Donald Trump has done it again. In his most recent speech he made two suggestions that won’t go over well with what, at this point, should be called the “rational demographic”:
1. Shut out all Muslims trying to enter the US.
2. Shut down the Internet with the help of “Bill Gates and a lot of different people”.
Trump has by now clearly made the transition from entertainer to dangerous agitator. Not only are his suggestions completely unworkable, they also fit well into the standard definition of demagoguery.
According to Merriam-Webster’s standard dictionary, a demagogue is
“a leader who makes use of popular prejudices and false claims and promises in order to gain power”.
Let’s take a quick look at his idea of shutting out all Muslims and see how well it fits within the definition:
“a leader” – Check. OK. He might not meet your definition of a leader. But lead in the polls he does.
“who makes use of popular prejudices”- Check. Trump plays to the fears of Americans regarding Muslims and frequently make the claim that they are dangerous. Since 9/11 Islamist extremists killed 45 people in the US. In the same time period 48 people were killed by right wing domestic terrorists.
“and false claims” – Check.
Trump says that “large segments” of the “Muslim population” hate the United States according to a Pew poll. This statement ommits the fsact that the same poll found that Muslims across the globe are overwhelmingly opposed to the Islamic State. A second poll Trump cites and that alleges that 25% of the Muslim population agree that violence should be used against Americans was conducted by the Centre for Security Policy. The Centre is run by Frank Gaffney, who is identified as an anti-Muslim extremist by the Southern Poverty Law Center, and the Washington Post calls the survey “a very shoddy poll”, that breaks several rules of polling.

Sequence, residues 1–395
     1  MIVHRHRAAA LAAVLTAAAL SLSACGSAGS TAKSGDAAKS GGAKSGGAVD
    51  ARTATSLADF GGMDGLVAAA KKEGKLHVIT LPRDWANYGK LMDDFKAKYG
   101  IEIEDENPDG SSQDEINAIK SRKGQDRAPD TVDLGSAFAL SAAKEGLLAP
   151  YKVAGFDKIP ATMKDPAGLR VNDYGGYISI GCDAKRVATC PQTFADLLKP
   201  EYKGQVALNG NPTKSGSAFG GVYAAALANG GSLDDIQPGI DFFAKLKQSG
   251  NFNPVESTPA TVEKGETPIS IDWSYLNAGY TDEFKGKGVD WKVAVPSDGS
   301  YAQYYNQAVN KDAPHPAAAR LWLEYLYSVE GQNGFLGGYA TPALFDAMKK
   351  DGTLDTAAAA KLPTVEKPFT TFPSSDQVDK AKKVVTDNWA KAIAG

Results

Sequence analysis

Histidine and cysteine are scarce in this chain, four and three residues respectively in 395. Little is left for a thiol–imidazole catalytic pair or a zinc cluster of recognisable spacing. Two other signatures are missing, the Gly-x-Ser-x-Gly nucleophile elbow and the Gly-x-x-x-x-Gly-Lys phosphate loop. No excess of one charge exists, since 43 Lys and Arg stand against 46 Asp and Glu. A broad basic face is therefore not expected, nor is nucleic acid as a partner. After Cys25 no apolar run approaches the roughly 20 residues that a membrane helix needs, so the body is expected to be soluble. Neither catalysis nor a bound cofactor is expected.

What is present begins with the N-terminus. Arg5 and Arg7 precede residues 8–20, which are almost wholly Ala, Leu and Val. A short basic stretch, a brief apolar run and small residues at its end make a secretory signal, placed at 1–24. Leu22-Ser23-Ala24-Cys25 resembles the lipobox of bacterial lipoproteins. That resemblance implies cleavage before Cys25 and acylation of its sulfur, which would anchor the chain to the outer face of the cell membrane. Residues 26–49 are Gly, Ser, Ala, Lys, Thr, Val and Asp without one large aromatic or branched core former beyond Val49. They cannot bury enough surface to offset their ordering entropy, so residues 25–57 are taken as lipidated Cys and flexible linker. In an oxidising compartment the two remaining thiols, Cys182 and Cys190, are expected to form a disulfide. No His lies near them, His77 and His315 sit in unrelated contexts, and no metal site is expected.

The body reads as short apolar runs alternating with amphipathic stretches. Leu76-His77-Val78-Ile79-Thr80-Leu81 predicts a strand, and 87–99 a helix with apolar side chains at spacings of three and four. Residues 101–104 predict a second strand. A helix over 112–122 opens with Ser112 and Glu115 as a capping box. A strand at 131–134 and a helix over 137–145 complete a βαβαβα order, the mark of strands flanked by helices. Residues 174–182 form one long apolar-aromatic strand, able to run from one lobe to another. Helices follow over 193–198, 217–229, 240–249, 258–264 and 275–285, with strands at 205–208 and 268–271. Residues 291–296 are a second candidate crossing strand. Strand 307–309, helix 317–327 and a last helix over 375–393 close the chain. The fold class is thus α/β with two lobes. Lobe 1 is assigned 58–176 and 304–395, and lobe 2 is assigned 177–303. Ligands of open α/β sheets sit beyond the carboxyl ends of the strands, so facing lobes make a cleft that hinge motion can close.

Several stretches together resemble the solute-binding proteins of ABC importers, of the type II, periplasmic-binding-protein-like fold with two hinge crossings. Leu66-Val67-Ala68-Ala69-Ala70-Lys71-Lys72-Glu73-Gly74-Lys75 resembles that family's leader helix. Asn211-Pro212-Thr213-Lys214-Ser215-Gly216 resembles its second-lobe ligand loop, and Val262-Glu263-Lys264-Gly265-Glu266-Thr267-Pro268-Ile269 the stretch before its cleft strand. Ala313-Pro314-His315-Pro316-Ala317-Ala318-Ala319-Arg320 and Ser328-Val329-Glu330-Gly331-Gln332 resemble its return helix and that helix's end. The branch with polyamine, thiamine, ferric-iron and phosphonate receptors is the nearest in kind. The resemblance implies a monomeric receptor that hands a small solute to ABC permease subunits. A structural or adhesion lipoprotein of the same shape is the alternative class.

“and promises:”- Check. According to experts Trump’s Muslim entry ban is ‘ridiculous,’ ‘impossible,’ and ‘blatantly unconstitutional’
“in order to gain power: “Well, the guy is running for the nomination…
We’re not going to get into the whole idea of shutting down the Internet with the help of Bill Gates, that one is too ridiculous even for us.
And here is how the other contenders for the US presidency reacted to Trump’s plan:
Hillary Clinton, former secretary of state and Democratic candidate for president:
“This is reprehensible, prejudiced and divisive. @realDonaldTrump, you don’t get it. This makes us less safe.”
Marco Rubio: Florida senator and Republican candidate for president:
“I disagree with Donald Trump's latest proposal. His habit of making offensive and outlandish statements will not bring Americans together.”
Jeb Bush, former Florida governor and Republican candidate for president:
“Donald Trump is unhinged. His ‘policy’ proposals are not serious.”
Ted Cruz, Texas senator and Republican candidate for president:
“Well, that is not my policy. I’ve introduced legislation in the Senate that would put in place a three-year moratorium on refugees coming from countries where ISIS or al-Qaida control a substantial amount of territory. And the reason is that’s where the threat is coming from.”
Chris Christie, New Jersey governor and Republican candidate for president:
“There are folks in this race who don’t care about what the law says because they’re used to being able to just fire people indiscriminately on television. So, they don’t have to worry about what laws say or not say.”
Ben Carson, Republican candidate for president:
“Everyone visiting our country should register and be monitored during their stay as is done in many countries. I do not and would not advocate being selective on one’s religion.”
Bernie Sanders, Vermont senator and Democratic candidate for president:
“Demagogues throughout our history have attempted to divide us based on race, gender, sexual orientation or country of origin. Now, Trump and others want us to hate all Muslims. The United States is a great nation when we stand together. We are a weak nation when we allow racism and xenophobia to divide us.”
Carly Fiorina, former HP executive and Republican candidate for president:
“Trump’s overreaction is as dangerous as President Obama’s under-reaction.”
GOP establishment figures also weighed in:
Dick Cheney, former vice president:
I think this whole notion that we can just say no more Muslims, and just ban a whole religion goes against everything we stand for and believe in. Religious freedom has been a very important part of our history and where we came from. … It’s a mistaken notion.
Sen. John McCain (Republican):
“I thought long ago that things he said would hurt his prospects, and he continues to go up.”